In another problem we showed an analogue of this occurs in infinitely many higher dimensions. Ie It is possible to make a regular n-simplex who's vertices all lie on the vertices of a regular n-hypercube. Specifically, one can show that this happens for 7-simplices and 7-hypercubes. I have 2 questions that I have tried to answer but would like to see if anyone gets the same result. SO here are the questions.
How many distinct 7-simplices that have vertices on a 7-hypercube all share at least one common vertex?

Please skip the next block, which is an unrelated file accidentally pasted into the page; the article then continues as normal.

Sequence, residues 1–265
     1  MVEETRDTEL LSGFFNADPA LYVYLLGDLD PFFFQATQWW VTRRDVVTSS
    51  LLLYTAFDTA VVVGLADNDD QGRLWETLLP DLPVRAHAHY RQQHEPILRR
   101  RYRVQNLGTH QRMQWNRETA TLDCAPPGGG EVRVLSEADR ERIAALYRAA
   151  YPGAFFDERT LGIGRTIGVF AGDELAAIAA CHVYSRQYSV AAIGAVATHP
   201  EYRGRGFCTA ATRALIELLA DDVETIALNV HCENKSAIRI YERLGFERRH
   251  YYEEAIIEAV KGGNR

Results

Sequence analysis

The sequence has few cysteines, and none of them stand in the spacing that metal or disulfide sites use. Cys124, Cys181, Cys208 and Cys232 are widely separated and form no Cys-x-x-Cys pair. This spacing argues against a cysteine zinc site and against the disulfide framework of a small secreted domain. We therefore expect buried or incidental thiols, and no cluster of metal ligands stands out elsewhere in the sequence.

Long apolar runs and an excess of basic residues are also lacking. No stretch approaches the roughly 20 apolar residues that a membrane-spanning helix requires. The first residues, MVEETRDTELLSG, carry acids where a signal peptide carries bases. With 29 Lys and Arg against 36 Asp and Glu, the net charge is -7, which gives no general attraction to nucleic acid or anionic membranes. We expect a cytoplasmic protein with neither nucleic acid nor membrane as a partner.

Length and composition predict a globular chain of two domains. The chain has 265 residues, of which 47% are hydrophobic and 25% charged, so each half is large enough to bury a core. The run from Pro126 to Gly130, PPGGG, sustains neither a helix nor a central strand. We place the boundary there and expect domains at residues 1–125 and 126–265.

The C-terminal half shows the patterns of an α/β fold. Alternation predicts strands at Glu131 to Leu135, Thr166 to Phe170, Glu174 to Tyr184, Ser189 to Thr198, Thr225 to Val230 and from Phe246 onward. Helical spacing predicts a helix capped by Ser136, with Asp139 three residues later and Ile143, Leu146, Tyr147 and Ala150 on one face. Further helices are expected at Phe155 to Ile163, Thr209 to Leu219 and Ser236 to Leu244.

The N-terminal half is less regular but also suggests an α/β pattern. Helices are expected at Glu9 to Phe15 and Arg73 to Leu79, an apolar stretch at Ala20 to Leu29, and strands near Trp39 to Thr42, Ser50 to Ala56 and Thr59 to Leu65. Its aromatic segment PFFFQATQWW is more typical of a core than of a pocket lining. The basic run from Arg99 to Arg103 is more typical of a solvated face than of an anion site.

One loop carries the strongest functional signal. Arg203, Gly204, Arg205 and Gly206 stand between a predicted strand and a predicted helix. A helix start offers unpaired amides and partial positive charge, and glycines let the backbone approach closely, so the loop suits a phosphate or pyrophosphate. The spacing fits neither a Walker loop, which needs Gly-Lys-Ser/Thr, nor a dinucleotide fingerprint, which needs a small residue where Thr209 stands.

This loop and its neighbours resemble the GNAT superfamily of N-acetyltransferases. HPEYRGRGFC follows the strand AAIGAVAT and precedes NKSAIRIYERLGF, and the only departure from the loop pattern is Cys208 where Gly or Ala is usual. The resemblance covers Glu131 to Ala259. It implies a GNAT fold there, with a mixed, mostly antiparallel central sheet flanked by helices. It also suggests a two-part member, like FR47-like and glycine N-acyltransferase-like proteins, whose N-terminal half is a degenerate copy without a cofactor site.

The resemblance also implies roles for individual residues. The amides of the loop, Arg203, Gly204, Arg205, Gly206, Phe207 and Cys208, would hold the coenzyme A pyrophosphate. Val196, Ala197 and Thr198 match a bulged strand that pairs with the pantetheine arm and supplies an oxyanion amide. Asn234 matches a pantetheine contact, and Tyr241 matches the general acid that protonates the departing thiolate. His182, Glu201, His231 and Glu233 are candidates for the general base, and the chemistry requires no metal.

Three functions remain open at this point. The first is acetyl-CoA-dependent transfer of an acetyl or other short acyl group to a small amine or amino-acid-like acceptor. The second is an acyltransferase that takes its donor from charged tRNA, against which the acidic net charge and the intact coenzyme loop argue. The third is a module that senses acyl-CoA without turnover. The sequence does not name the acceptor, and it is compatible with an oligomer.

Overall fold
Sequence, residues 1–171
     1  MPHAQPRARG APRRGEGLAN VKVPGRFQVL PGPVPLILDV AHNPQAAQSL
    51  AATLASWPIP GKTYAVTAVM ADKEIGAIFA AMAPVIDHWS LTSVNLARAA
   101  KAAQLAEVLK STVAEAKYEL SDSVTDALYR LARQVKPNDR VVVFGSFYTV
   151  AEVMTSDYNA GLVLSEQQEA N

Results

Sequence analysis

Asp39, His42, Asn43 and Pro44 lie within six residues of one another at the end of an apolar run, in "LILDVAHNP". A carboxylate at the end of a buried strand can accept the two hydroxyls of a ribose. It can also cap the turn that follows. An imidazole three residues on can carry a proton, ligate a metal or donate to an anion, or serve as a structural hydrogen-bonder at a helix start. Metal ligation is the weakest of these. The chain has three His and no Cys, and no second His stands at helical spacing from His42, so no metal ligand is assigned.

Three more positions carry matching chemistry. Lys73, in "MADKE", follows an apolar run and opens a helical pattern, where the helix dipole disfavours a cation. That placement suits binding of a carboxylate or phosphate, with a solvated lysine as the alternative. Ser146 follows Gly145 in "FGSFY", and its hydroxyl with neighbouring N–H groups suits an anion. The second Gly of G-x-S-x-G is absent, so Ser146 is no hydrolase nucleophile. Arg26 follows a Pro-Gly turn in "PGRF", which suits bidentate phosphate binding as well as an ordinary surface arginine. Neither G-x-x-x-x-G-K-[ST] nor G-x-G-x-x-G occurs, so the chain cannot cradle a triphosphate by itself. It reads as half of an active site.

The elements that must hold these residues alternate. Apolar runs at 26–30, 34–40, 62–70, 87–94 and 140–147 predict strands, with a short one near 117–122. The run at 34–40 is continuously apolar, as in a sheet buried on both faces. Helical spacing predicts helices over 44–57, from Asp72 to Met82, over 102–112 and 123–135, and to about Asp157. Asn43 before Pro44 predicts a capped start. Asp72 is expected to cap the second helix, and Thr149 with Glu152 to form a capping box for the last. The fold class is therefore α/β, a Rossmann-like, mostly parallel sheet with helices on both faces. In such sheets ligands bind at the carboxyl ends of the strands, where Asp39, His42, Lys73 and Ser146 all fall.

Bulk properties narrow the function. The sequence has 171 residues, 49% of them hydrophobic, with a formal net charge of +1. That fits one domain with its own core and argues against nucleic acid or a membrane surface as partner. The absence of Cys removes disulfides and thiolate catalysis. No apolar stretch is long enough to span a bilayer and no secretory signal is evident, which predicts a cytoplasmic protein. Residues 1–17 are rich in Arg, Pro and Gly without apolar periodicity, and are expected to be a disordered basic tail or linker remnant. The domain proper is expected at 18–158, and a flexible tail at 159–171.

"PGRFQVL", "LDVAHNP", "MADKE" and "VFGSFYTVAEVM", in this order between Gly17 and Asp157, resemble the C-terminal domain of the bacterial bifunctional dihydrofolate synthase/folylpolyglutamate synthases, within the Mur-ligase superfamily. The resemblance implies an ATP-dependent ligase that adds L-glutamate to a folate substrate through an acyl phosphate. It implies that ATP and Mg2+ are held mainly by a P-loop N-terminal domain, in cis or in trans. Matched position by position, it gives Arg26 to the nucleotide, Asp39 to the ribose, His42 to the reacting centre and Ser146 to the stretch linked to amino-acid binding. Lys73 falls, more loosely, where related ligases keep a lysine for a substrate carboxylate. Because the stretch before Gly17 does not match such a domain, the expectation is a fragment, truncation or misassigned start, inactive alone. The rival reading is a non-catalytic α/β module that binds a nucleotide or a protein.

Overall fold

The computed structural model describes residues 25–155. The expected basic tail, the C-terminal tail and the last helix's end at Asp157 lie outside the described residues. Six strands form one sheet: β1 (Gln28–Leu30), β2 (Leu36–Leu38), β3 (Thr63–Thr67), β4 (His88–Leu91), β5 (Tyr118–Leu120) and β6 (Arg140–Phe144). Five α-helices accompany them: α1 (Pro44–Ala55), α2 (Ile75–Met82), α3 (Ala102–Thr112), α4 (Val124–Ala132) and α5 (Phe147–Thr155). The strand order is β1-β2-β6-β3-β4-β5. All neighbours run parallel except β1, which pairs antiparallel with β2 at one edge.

How many distinct 7-simplices in total have vertices on a common 7-hypercube?
What's the size of an orbit of a single 7-simplex in the set of all the 7-simplices under the group of the symmetries of the 7-hypercube?
Details and Assumptions:
A regular -dimensional simplex in has vertices that are all an equal distance apart. (It's like an -dimensional version of an equilateral triangle!)
Here is the Wikipedia article on hypercubes. (It's like an -dimensional version of a square!)